Through the shared context of Genesis, the poets continue their sceptical and satirical deconstruction of christian conventions and the afterlife. Interestingly, both poets coinciding criticisms utilise an exploration of ideals beyond the nineteenth centuries schema of acceptance. In a struggle with language, Byron fails in reconciling a leap into 19thc science whereby Cain’s culminating action of fratricide serves as a reaction to the instability and ignorance of his worldview rather than an action of malicious intent. The iconoclastic Cain problematizes the idea of immortality whereby in an unconventional stroke of phyrronism Byron betrays the nineteenth centuries preoccupations with envisioning mortality and instead focuses on geographical castrastrophism. Incorporating Cuvier’s Theory Of The Earth, geographical castrastrophism champions the limits of mortality. Lucifer provides a moral for the play, claiming: “And this should be the human sum of knowledge, to know mortal nature’s nothingness; Bequeath that science to thy children, and ‘Twill spare them many tortures.” Lucifer’s claim, that mortal life is empty and fleeting, resonates throughout the late Romantic literature of Byron. Challenging the conventional beliefs in good, evil, death and immortality Lucifer urges Cain in Miltonic vein to resist his fate since “Nothing can/ Quench the mind, if the mind will be itself.”

With its Manchiean flourish, this reworking of Genesis and its reimagining of the idea of creation and beginnings to depict an unjust and incompetent God is shared by Blake. Contrary to the Miltonic influence on Cain, Swedenborgs influence on the construction of Blakes The Marriage Of Heaven And Hell aims to overcome Swedenborgs “recapitulation of all superficial opinions and analysis of the more sublime” by questioning the nature of the sublime itself. The Ghost of Abel dedicated and written in direction response “To Lord Byron, In the Wilderness” presents an unjust “Elohim who lives on the sacrifice of men.” The Ghost of Abel in Blakes work is an eponymous figure who reveals himself as a revenge seeking satan whereby the manipulation of mortality and eternity, like Byrons figure, depicts an unjust god. Driving for vengence the revenge seeking Abel “Life for life! Life for life!”, “My soul in fumes of blood cries in vengence” depicts Jehovah and his angels to merely uphold the forgiveness of sin. Thus, justice is once again echoed in these works as absent from the earthly planes and the divine alike. Critics, such as Martin Bidney outline Blakes The Ghost of Abel as a qualified endorsement of Cains theology, however, this is not convincing. Cain is ultimately limited in its deconstruction of convention whereby the first and third acts fail to reconcile the scientific and theological dilemma. Yet, Blake overcomes Byron’s advancements and in a direct and scathing exempla made of Cain the depiction of an unjust and incompetent God is a more explicit and striking deconstruction of religious convention.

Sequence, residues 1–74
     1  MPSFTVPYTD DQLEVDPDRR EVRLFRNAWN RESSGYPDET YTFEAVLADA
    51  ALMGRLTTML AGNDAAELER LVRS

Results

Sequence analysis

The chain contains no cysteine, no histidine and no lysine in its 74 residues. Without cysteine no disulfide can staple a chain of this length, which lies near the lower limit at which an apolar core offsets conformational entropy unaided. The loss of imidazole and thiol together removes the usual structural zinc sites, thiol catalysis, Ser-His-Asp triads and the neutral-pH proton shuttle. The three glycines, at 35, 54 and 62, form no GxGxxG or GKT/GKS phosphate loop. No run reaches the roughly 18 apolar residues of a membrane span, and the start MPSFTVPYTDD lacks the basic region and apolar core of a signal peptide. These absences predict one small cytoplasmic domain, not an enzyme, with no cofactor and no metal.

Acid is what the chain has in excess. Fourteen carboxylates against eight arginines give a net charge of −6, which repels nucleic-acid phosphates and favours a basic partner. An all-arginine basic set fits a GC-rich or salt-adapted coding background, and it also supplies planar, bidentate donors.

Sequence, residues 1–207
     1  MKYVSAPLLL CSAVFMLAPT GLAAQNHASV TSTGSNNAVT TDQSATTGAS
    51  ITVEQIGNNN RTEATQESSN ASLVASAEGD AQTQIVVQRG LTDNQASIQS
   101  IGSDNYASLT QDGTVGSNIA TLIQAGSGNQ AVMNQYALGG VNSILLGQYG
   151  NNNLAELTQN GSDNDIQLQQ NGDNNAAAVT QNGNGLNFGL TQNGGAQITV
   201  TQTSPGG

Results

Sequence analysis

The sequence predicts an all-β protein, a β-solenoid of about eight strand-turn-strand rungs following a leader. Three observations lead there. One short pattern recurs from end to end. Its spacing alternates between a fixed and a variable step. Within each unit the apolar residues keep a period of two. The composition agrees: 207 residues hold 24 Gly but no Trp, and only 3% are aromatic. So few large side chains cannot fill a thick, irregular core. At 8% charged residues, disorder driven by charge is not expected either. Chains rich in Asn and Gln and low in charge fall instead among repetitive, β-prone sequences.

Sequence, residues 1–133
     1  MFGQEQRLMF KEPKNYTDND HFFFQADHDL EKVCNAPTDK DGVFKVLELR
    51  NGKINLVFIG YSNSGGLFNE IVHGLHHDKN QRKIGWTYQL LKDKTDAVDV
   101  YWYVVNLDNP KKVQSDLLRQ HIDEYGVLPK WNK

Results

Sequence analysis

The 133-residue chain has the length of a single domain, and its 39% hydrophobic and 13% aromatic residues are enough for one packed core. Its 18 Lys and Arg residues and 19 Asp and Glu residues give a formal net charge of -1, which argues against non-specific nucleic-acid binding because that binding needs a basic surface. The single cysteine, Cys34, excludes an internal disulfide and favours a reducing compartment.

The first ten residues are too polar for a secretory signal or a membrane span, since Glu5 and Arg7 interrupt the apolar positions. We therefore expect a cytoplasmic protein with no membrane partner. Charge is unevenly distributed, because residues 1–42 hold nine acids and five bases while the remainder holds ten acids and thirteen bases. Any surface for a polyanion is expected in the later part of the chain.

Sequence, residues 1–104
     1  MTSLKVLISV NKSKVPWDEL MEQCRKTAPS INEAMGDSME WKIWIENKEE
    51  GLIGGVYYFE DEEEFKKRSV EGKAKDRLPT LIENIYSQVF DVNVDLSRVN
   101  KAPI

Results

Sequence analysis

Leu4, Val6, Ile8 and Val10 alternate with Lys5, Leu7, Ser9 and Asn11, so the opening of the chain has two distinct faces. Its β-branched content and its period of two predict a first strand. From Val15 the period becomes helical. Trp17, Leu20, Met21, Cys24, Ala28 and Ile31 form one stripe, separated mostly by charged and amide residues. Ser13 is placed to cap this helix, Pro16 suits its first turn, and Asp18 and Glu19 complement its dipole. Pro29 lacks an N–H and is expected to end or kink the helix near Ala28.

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Blake And Byron: A Comparative Imagining Of The Afterlife. (2022, February 17). Edubirdie. Retrieved May 29, 2023, from
“Blake And Byron: A Comparative Imagining Of The Afterlife.” Edubirdie, 17 Feb. 2022,
Blake And Byron: A Comparative Imagining Of The Afterlife. [online]. Available at: <> [Accessed 29 May 2023].